Following several months of illness, on Thursday, Jan. 14, former alderman, county commissioner and bank president Theodore B. “Tim” Sloan died.
County executive Jeff Huffman, who served alongside Sloan as a commissioner in the 1970s and 1980s, said Sloan was instrumental in much of the county’s development in the last several decades.
“He was a key player in getting the very first industrial park in Tipton County,” Huffman said. “He was president of First State Bank and the local banks lent the money that bought the park and its infrastructure. As a result of that, we are where we are today.”
Sloan was a commissioner during the days when the county closed the community schools and opened others, a feat both men said divided the community three decades ago.
Then there was education, fine arts, his civic memberships, revitalizing the court square.
“He was crazy about the Ruffin and crazy about the Dyersburg State project. He was one of five that really got that going.”
Sloan and wife Thirza were the county coordinators of the Dolly Parton Imagination Library program in Tipton County, spending hours and hours working to put books in the hands of Tipton County’s babies, toddlers and preschoolers.
“They volunteer for that, and it takes quite a bit of time because you have address changes and such …”
Sloan was lifelong resident of Covington, growing up and serving at St. Matthew’s Episcopal Church where his father, the Rev. Paul Earle Sloan, served as rector for several years prior to his death in 1949.
Sloan’s mother, Isabel, was a first grade teacher.
He attended Rhodes College, and was a graduate of the Graduate School of Banking at Louisiana State University.
He also served on the DSCC Foundation Board for several terms and donated a grand piano to be used in the auditorium of the Jimmy Naifeh Center, was instrumental in getting several local buildings on the National Register of Historical Places and supported the Tipton Arts Council for many years.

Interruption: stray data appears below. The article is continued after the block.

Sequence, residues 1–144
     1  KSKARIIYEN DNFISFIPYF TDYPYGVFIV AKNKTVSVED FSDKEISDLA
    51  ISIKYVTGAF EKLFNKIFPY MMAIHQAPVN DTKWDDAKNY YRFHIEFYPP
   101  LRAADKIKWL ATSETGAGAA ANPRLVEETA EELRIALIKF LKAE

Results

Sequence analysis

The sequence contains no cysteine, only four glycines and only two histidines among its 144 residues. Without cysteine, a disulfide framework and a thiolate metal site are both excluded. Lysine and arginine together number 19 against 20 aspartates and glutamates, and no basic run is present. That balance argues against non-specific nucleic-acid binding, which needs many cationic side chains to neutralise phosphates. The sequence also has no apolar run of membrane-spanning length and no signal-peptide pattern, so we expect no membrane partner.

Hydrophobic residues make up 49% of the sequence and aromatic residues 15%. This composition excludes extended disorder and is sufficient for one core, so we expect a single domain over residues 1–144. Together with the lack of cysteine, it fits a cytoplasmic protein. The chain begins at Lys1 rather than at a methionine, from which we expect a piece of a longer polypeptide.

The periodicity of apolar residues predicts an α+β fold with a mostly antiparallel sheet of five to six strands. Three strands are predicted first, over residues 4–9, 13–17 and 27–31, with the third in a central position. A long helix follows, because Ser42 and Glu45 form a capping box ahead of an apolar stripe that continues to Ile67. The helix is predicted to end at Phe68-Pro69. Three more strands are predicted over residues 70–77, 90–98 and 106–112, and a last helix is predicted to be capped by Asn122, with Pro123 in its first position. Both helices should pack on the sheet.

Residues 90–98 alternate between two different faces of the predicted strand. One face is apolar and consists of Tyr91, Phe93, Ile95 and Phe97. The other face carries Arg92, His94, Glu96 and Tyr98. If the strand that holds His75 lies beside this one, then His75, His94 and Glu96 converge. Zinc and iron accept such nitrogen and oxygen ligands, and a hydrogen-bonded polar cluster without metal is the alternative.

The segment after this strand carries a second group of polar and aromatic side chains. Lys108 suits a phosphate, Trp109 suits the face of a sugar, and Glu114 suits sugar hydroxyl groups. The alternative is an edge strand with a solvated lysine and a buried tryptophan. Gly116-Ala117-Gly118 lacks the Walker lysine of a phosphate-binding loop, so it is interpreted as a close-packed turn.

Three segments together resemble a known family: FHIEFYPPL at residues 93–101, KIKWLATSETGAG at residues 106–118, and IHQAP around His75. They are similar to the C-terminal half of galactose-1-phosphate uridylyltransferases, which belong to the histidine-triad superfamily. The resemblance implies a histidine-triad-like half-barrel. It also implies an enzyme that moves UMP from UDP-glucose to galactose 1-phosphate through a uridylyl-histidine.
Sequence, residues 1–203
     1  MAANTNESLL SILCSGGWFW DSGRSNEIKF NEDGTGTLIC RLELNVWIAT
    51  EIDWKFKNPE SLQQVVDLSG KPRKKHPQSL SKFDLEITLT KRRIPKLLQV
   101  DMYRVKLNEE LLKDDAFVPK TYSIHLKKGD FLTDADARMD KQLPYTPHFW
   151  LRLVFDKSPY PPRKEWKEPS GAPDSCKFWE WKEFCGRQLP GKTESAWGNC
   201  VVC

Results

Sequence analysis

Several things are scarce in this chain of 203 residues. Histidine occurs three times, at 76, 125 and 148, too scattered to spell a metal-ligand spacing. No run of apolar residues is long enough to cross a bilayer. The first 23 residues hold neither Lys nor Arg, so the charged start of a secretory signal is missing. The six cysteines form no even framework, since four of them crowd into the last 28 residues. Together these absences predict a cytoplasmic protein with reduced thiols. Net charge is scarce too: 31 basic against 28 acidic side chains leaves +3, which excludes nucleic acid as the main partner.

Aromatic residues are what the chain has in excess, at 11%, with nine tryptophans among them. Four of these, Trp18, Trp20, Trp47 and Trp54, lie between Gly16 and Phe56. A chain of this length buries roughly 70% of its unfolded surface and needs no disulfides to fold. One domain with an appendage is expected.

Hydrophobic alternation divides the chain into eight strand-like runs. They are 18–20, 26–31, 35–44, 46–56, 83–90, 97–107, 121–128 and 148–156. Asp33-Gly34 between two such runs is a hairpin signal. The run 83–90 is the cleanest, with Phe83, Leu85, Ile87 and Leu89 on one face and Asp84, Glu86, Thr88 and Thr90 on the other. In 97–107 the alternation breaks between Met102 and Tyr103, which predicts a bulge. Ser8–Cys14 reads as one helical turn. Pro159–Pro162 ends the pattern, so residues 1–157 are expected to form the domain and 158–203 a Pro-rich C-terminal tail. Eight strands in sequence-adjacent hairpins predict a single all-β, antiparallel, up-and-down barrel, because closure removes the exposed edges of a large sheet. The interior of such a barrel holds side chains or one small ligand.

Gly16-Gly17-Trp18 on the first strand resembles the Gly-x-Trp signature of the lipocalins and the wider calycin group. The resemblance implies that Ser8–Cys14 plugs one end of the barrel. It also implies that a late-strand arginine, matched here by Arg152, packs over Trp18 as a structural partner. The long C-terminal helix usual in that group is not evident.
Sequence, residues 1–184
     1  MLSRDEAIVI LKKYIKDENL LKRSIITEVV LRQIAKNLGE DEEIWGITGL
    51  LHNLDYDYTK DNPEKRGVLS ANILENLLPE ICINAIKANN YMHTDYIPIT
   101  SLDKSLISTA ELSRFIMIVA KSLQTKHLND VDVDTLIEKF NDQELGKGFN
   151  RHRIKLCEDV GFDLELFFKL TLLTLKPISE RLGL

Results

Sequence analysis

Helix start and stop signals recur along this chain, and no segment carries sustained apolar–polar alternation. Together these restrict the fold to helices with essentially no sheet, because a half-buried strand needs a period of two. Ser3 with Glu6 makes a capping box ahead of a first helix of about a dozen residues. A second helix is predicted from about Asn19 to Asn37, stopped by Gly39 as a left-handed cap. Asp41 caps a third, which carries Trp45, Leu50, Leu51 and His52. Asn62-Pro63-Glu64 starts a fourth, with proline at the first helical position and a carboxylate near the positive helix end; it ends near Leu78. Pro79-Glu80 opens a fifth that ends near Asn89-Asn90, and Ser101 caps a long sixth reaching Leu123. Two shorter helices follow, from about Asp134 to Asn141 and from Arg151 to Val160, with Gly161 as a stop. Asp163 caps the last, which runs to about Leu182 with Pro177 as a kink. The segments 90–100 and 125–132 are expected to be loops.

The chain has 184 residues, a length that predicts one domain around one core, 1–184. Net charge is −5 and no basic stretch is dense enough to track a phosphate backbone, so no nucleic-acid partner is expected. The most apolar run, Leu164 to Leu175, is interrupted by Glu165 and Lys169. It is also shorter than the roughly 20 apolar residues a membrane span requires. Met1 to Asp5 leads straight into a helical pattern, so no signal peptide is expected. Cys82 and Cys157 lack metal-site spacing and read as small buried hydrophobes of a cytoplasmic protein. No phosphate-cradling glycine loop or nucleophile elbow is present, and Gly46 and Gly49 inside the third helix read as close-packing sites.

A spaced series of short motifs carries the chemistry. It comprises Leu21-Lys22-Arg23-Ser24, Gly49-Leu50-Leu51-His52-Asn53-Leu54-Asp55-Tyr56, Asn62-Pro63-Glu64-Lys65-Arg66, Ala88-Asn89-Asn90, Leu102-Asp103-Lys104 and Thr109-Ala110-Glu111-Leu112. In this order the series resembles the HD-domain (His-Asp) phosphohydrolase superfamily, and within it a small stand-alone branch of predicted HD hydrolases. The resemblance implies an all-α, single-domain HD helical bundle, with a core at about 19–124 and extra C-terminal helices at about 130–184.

He held offices on the Tennessee Historical Commission and the Tennessee Preservation Trust and served a term on the Tennessee State Museum Board.
A lifelong lover of history, Sloan was a 50-year member of the Sons of the American Revolution, an active member of the Simonton Wilcox Camp, Sons of Confederate Veterans and a member of the West Tennessee Historical Society.
He was also very dedicated to documenting and preserving the history of the church he held dear to his heart.
Additionally, Sloan was a Mason, belonging to Dunham Lodge in Covington, the Scottish Rite, and Al Chymia Shrine temple, and a long-time Rotarian.
“When you talk about a pillar of the community, he was a pillar. He was in the top eschelon and showed us what citizenship is all about. He was, oh gosh, Tim Sloan …We’re gonna miss him. This one’s gonna hurt.”
He leaves his wife Thirza Mobley Sloan, a son David Sloan (Debbie) of Germantown and a daughter Mary-Elizabeth Hughes (David) of Humboldt. He will be missed by four grandsons Jordan Reed (Mandi), Jackson Sloan, Josiah Hughes, and Jaeden Hughes, and two granddaughters, Brianna and Charissa Hughes.
A memorial service was held on Saturday at St. Matthew’s.
Reprinted with permission from The Leader